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Fall Back Down - Gas-Weighted E&Ps' Second-Quarter Profits Decline with Prices

Despite a decline in natural gas prices, the nine gas-focused U.S. E&Ps we’ve been tracking fared better from a financial perspective in the second quarter of 2017 than E&Ps that concentrate on crude oil or have a diversified mix of oil and gas production. All nine companies in the Gas-Weighted Peer Group stayed in the black — no small feat — but with lower commodity prices the peer group’s profits fell 28% from the first quarter to just under $1.4 billion. Will 2017 be the gas group’s first profitable year since 2014? Today, we analyze the results for our gas-focused peer group as a whole and for individual companies within the group.

This is Part 4 of our update of the 43 U.S. E&Ps we have been tracking based on second-quarter results. In Roller Coaster, we reviewed the changes in second-quarter profitability for our entire 43-company universe, then followed with detailed analysis of the 21 companies in our Oil-Weighted Peer Group (Down Bound Train) and the 13 companies in our Diversified Peer Group (Written Off). Now, we analyze the profitability data of the Gas-Weighted E&Ps compared with their reported first-quarter 2017 results.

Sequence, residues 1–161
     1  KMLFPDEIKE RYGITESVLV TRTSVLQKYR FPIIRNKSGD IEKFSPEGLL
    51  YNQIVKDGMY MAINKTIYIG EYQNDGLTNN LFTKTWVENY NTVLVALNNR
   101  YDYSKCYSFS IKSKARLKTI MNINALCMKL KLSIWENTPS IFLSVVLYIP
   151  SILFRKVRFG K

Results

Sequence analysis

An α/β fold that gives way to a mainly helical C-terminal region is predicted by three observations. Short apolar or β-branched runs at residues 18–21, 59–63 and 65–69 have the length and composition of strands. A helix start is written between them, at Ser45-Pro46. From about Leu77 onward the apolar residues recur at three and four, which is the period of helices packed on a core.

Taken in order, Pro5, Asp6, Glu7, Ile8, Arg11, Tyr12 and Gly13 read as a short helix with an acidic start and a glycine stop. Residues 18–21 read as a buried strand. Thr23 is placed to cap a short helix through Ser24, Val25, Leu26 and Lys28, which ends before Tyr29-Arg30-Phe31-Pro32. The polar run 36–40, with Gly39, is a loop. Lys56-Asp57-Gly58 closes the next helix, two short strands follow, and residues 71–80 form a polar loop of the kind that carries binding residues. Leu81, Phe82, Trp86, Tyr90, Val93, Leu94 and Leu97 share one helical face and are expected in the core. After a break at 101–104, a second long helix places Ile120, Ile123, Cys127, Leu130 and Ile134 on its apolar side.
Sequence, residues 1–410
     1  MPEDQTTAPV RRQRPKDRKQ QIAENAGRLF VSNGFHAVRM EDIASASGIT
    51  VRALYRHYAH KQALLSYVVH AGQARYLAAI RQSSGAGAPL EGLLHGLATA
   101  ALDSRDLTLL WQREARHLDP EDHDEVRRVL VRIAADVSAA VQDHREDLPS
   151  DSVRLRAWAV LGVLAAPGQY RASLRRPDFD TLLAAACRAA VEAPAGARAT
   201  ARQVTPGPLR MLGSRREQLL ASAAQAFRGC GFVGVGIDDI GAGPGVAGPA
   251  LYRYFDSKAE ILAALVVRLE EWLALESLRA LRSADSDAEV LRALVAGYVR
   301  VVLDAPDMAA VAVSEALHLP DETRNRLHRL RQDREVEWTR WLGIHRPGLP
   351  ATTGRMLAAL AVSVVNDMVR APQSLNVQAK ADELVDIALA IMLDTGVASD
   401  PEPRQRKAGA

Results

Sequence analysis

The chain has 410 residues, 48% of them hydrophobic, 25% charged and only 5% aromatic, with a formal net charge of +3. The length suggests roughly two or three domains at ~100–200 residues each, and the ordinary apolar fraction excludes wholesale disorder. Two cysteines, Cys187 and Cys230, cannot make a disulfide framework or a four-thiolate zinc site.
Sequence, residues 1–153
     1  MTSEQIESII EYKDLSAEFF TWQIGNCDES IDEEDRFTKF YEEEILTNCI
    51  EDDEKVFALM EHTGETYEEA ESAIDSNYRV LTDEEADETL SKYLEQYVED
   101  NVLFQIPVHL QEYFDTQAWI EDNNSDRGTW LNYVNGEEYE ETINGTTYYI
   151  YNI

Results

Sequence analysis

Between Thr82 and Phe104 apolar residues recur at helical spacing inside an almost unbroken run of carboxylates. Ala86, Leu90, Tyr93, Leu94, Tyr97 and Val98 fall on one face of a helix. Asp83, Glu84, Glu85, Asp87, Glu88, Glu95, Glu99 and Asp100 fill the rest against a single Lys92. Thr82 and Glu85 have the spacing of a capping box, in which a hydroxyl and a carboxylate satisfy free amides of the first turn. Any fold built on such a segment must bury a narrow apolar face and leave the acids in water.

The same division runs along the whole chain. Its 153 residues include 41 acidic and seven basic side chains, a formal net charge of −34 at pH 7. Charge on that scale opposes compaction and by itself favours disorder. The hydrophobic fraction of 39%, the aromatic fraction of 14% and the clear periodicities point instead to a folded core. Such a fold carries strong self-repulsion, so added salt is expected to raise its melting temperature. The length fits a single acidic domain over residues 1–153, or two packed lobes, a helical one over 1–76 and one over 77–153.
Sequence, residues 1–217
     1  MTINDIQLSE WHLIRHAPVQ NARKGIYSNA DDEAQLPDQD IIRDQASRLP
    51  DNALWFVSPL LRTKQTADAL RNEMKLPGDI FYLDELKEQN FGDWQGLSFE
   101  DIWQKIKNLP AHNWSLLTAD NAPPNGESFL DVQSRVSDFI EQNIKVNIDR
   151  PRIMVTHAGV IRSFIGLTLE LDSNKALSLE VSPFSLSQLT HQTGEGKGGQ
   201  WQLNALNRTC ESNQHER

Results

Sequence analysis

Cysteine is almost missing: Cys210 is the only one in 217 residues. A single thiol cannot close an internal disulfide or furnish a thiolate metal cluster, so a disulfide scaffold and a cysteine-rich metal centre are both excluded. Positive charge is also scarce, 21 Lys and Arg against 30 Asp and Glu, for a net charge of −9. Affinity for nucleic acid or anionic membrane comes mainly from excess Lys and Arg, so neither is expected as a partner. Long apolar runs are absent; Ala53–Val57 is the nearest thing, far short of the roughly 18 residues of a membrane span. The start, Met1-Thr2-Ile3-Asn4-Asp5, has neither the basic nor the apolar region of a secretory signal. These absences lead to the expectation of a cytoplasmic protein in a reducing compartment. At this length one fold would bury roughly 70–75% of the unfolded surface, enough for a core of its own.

The Gas-Weighted E&Ps generated $5.37/barrel of oil equivalent (boe; green rectangle in Figure 2) in pre-tax operating profit (profit before income taxes, overhead and interest and excluding non-upstream business segments) in the second quarter of 2017 — the largest per-unit profit of our three peer groups, and just ahead of the $5.18/boe posted by the Oil-Weighted group. Our 13-member Diversified Peer Group generated a second-quarter loss of $4.02/boe, mostly because of $6.3 billion in write-downs by the group’s biggest company, ConocoPhillips; when we excluded outlier ConocoPhillips, the dozen remaining Diversified E&Ps posted a $4.94/boe profit. (Note: We use the standard 6-MMBtu-to-1-barrel-of-oil ratio to calculate per-boe financial results. In our discussion of the results of individual gas-focused companies, we’ll use cubic feet of gas equivalent per day, or cfe/d, when that makes sense.)

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